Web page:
Finding answers in the past... and present
By Ann Hornaday
Friday, April 22, 2011
Chilean director Patricio Guzman is best known for his documentaries on Salvador Allende and Augusto Pinochet. With “Nostalgia for the Light,” Guzman evinces the same passion for exploring his country’s most grievous political past, but broadens his scope to take in larger existential questions. The result is a film that rates as the filmmaker’s masterpiece, an exquisitely filmed, poetically written meditation on how past and present fuse in humanity’s most unresolved questions.
The starting point for Guzman’s inquiry is Chile’s Atacama Desert, the driest place on Earth and, as such, the place where the night sky can be found at its most translucent. Because of this natural accident, scientists have set up massive arrays of telescopes in the Atacama, the better to plumb the outer mysteries of space. The desert’s dry heat has also preserved pre-Columbian remains underground, where archaeologists dig for pristine bones of our forebears. Meanwhile, the Atacama has also served as a prime locale for 19th-century silver and saltpeter mines, where indigenous workers were brutally oppressed and where, decades later, the Pinochet junta unceremoniously dumped the remains of dissidents executed during its savage campaign against communism.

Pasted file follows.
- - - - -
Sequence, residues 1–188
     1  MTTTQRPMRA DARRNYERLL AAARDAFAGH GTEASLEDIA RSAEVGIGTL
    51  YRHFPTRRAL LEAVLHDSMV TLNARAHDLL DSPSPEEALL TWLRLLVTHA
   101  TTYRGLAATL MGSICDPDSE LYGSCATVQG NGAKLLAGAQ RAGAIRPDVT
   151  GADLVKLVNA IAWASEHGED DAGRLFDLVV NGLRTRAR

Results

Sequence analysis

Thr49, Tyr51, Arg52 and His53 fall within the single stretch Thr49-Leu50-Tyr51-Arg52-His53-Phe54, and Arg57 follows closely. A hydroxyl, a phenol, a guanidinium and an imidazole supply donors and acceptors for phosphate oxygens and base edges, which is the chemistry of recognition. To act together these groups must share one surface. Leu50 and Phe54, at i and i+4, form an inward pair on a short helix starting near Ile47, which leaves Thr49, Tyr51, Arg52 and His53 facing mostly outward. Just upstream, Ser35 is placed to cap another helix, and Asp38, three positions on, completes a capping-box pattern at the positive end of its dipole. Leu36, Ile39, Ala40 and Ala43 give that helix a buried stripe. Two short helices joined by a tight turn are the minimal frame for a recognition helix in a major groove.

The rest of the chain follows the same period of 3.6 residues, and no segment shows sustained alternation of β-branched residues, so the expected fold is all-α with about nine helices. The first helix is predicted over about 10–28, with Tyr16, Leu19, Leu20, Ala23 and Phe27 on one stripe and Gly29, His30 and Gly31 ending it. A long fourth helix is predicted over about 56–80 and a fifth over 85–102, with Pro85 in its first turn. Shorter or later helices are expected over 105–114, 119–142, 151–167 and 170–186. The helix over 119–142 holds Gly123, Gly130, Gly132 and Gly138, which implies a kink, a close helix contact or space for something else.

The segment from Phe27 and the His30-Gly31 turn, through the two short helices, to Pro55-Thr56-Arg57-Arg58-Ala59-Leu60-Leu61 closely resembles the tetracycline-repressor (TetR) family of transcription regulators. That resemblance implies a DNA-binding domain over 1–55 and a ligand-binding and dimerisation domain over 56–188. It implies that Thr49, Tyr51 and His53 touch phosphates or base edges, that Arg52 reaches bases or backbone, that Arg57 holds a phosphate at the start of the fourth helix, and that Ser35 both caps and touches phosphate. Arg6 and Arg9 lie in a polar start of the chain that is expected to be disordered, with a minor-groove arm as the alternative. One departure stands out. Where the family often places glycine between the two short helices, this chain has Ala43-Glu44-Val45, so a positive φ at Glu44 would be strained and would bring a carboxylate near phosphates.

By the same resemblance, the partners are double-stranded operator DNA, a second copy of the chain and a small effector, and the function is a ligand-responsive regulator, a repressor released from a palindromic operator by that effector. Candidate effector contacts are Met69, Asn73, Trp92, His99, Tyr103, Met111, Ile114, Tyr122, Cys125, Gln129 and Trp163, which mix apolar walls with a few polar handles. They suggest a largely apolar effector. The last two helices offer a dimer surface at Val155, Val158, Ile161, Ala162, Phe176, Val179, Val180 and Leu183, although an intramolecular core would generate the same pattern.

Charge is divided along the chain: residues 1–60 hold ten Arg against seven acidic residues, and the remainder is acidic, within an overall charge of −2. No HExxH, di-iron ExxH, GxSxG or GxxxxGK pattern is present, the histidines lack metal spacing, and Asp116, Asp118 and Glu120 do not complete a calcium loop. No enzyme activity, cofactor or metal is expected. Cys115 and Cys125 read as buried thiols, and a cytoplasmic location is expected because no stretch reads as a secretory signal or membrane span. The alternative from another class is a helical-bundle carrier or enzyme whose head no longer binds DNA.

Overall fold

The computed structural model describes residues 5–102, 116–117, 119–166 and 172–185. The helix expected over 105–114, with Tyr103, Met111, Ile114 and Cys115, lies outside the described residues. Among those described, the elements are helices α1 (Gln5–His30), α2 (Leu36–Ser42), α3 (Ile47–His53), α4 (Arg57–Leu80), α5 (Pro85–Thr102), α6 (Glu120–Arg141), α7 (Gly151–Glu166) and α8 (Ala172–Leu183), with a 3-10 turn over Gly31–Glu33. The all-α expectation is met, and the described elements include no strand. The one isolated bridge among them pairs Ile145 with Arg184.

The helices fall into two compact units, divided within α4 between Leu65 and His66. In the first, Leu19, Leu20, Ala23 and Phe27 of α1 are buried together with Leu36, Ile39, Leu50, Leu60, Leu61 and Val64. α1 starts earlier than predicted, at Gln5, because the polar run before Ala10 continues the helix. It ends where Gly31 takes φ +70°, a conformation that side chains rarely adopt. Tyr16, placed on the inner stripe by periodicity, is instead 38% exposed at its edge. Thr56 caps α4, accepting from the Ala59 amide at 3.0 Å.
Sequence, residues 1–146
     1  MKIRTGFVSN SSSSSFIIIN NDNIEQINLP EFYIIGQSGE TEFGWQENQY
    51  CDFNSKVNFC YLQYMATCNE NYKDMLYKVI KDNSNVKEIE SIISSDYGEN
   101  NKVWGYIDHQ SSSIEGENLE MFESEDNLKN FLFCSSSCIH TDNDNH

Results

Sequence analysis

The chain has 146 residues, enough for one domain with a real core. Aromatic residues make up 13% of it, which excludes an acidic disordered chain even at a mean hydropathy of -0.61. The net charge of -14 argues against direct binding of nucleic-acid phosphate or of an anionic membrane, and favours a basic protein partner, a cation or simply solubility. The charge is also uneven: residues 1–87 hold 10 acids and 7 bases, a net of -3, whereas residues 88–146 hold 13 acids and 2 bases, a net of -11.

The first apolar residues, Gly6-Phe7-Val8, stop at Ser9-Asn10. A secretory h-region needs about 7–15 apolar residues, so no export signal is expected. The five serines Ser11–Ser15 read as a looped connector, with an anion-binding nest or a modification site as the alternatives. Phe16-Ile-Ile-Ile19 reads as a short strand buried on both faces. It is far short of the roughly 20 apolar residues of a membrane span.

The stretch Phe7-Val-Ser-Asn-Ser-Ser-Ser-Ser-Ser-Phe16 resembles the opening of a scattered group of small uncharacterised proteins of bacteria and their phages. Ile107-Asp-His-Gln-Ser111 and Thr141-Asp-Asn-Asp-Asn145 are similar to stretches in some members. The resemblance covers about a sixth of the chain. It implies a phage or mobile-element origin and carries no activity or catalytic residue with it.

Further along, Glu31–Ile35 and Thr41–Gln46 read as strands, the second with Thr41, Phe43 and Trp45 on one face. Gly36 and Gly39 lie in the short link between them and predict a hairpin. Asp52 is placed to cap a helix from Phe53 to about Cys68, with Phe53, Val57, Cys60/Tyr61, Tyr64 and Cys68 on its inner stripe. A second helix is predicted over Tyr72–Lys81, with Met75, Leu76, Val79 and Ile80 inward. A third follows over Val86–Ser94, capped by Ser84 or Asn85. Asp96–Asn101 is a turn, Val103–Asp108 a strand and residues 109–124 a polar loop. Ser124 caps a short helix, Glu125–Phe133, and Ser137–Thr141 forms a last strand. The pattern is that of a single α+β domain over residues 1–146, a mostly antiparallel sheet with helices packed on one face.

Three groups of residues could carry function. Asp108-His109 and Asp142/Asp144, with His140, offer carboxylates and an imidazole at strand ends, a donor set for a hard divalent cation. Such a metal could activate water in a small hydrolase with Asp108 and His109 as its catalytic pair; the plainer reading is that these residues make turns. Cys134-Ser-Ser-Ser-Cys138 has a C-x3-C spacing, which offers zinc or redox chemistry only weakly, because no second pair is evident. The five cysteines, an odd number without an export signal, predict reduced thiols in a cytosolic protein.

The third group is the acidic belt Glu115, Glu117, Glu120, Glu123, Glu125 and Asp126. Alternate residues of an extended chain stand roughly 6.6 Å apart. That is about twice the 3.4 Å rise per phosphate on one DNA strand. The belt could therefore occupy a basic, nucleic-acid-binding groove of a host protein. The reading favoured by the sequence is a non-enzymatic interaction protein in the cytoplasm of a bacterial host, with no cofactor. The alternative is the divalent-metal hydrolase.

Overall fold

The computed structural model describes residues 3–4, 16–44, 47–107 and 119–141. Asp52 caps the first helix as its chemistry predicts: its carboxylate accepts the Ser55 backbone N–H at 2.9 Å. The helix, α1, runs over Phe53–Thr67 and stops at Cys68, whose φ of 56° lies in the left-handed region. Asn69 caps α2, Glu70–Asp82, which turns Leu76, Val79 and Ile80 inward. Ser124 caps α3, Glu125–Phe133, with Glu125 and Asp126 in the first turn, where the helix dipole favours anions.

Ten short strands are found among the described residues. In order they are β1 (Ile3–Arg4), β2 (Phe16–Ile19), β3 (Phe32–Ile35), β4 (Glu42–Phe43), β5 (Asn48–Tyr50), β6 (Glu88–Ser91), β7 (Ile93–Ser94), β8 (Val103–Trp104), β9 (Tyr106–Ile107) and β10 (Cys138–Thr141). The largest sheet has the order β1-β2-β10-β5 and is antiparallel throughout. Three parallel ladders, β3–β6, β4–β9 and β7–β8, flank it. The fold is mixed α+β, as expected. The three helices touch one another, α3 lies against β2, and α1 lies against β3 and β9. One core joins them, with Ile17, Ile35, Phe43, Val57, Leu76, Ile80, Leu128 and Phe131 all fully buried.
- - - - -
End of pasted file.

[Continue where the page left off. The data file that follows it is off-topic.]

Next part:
All of those strains come into play in “Nostalgia for the Light,” as Guzman bears witness to the diverse communities who come to the Atacama, including the mothers of “disappeared” political prisoners who obsessively comb the dust for bone fragments. From that closely observed, almost microscopic search he travels to a huge observatory, where astronomers seek evidence of the very beginning of time in their observation of the outer reaches of the universe. “We’re all artifacts of the past,” a scientist says at one point, noting that everything we experience has already happened, even if only a millionth of a second ago.
But some pasts are easier to confront than others; where the astronomers and archeologists that Pinochet once banned are now lionized in Chilean society, the mothers’ excavations aren’t embraced nearly as warmly. It’s as if, Guzman speculates, “history might accuse us.”
Gracefully moving between the infinite and the practical, the celestial and the implacably grounded, Guzman has created a sensitive, richly textured portrait of time and place that transcends both those conceits. “Nostalgia for the Light” may take place in Chile, but its quest is universal, as it leads viewers to deep questions of their own concerning time, truth and their own place in the cosmic cycle we can only dimly comprehend. The truism has it that stories are what make us human, but as Guzman suggests in this lyrical, deeply moving film, it’s more likely the “gravitational force of memory.”
Contains mature thematic material. In English and Spanish with subtitles.